Being a Dual Tempered Glass Side Panel Case, there is absolutely no spot to stuff the leftover cables in there, making it very likely to see your cables.


The only available place which is not taken by some sort of hardware is between the PSU and the Fan spots above. Though don't forget that this space is not the be stuffed infinitely, as at some point, the cables might start pushing against the fan.




In terms of IO, Raijintek decided to include 1x USB 3.0 Type-A and 1x USB 3.0 Type-C. Although these might not be the newest standards, we believe it to be enough for the everyday use of the average user.




Officially, the Rajintek Ophion Evo supports up to 90mm high CPU coolers. That being said, after building multiple systems inside this case, we can absolutely reassure you that this case is meant for water cooling.


Even though there are many low-profile coolers available that could do the job pretty well, the available 240mm of potential AIO space is just better spend on an AIO instead of case fans.




The front of the Ophion Evo is covered with a brushed Aluminum Panel. The same material is being used around the Tempered Glass Side Panels.

By using real aluminum in combination with all of that glass, Raijintek was able to create a stunning-looking case. No Plastic to be found, only real metal.


As nice as the Aluminum and its round edges might look, there is a small part of the case that bugged us.

The top portion of the Ophion Evo, where the Fans should be mounted, is made out of the usual steel. Unfortunately, this part of the case is not being completely covered by the Top Fan Filter. Due to the panel's differences in color and finishes, the transition between the two is quite obvious and not very appealing.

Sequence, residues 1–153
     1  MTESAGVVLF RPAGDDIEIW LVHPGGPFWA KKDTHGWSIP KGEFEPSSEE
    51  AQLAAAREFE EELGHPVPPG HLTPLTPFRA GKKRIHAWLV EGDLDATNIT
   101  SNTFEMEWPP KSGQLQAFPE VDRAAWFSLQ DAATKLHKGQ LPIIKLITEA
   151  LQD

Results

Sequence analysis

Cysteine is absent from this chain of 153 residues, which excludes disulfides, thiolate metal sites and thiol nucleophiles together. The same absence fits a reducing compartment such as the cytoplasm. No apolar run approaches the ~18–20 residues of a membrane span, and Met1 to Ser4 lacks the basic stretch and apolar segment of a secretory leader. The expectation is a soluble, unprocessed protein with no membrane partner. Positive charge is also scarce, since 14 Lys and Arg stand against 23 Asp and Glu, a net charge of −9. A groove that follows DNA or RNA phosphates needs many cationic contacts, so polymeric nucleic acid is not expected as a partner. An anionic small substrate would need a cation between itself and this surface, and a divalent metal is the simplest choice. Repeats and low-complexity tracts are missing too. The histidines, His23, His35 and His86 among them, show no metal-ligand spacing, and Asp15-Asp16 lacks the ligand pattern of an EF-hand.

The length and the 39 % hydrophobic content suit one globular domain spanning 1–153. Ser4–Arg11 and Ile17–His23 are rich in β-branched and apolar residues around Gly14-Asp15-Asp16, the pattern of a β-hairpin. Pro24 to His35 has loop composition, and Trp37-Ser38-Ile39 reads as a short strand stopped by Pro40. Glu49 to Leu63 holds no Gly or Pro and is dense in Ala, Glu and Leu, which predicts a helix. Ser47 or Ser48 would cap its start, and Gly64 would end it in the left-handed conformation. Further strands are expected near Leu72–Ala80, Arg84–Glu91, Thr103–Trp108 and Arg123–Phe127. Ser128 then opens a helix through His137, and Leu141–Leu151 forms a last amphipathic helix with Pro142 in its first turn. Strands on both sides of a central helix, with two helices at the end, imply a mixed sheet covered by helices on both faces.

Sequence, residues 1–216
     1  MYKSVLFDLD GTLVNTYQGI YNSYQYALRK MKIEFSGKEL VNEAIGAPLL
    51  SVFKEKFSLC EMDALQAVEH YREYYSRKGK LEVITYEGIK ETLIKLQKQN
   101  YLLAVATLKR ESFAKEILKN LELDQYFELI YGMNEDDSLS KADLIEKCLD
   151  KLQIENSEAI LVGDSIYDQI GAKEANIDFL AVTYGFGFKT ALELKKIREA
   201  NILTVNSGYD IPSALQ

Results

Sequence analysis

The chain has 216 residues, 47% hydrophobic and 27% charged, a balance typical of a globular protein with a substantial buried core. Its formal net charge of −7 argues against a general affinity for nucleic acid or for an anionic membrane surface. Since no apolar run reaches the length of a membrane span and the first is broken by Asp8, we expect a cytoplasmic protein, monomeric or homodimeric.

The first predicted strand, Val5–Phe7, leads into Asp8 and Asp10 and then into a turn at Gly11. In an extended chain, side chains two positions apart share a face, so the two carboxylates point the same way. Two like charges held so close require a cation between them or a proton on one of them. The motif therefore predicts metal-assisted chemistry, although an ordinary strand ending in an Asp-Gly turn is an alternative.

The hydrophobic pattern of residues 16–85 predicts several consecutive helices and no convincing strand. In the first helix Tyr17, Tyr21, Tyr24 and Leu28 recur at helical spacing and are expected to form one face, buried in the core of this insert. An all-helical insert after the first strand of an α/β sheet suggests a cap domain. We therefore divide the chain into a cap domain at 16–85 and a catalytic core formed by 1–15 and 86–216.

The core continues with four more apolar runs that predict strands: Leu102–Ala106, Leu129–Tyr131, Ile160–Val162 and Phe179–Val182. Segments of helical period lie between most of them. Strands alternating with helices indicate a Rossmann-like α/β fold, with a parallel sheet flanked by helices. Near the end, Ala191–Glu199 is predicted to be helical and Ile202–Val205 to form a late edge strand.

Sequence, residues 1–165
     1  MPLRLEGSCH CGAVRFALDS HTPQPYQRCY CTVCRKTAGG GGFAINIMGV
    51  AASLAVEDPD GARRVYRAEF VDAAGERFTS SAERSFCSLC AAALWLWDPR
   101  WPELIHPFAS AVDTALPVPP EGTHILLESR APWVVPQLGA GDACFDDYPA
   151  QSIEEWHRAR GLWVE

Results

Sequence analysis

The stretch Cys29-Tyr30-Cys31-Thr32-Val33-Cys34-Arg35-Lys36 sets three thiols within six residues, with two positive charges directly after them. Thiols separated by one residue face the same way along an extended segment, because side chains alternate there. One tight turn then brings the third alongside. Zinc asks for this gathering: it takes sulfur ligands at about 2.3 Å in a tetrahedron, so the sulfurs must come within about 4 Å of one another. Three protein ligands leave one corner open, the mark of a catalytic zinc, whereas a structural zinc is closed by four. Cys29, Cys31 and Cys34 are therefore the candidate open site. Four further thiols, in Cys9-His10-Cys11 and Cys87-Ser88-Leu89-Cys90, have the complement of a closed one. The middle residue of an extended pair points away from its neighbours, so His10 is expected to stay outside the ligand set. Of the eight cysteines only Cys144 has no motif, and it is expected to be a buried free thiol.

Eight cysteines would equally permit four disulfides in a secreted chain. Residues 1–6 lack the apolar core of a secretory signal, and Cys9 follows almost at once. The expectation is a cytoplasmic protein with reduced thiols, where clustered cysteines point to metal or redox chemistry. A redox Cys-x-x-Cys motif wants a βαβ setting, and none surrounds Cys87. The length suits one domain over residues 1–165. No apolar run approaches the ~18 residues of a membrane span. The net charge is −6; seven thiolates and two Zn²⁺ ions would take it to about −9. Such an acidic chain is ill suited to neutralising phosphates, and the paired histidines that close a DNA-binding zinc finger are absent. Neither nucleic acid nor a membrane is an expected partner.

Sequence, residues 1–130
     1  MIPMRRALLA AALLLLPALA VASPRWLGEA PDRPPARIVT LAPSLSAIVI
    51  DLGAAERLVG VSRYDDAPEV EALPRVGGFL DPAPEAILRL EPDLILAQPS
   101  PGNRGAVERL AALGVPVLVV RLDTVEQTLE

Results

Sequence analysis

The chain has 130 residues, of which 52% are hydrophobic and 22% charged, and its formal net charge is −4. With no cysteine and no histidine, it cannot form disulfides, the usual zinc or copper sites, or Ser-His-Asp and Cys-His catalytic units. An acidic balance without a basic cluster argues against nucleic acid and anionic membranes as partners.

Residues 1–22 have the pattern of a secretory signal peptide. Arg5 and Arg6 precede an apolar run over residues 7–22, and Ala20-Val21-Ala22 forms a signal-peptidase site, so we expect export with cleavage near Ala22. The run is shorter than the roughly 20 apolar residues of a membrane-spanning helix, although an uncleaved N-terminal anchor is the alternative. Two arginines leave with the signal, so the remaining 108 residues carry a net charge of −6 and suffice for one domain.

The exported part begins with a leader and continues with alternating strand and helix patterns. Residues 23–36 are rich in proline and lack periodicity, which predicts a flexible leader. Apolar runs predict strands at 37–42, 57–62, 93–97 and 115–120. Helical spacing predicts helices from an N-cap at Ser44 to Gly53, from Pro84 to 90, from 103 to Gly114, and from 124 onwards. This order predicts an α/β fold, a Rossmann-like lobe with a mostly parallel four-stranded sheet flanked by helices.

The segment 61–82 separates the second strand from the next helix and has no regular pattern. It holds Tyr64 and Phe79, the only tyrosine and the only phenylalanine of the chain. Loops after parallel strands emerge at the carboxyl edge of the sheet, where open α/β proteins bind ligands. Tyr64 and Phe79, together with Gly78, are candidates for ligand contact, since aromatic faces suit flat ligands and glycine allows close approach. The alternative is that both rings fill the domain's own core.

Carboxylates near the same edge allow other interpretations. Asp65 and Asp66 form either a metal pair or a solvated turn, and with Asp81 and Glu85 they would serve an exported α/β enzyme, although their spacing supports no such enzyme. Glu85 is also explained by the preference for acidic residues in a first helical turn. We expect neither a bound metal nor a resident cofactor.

But ignoring this minor issue which is only visible from a specific angle, the overall look and feel of the case suggest a high quality and sturdy piece of hardware while not being overly presumptuous by using any sort of plastic with a paint job and overused RGB.






The Installation process inside the Ophion Evo is a complicated topic.

Even though the actual assembly is an easy and straightforward process, the Cable management that follows tends to be a nightmare.


During the installation process, there are no noteworthy steps except for the included PCIe Riser and Motherboard. Out of the box, the PCIe riser is pre-attached to the GPU bracket and just lying inside of the case. Due to the Motherboard being installed on the right side of the case, we need to flip the Motherboard around, making the PCIe slot appear at the top.




Unlike usual, we now also need to route the PCIe Riser to the Top of the case. Naturally, we tend to first mount the Motherboard and then connect the riser. Inside the Ophion Evo however, we need to position the Riser behind the motherboard before screwing it down.

Doing this allows the PCIe riser to exit the space behind the motherboard exactly where the PCIe slot is. Theoretically, we could also position the Riser in front of the Motherboard, but this would result in completely blocking the CPU. Even if this might not be the biggest issue while using Watercooling, it just doesn't look very appealing.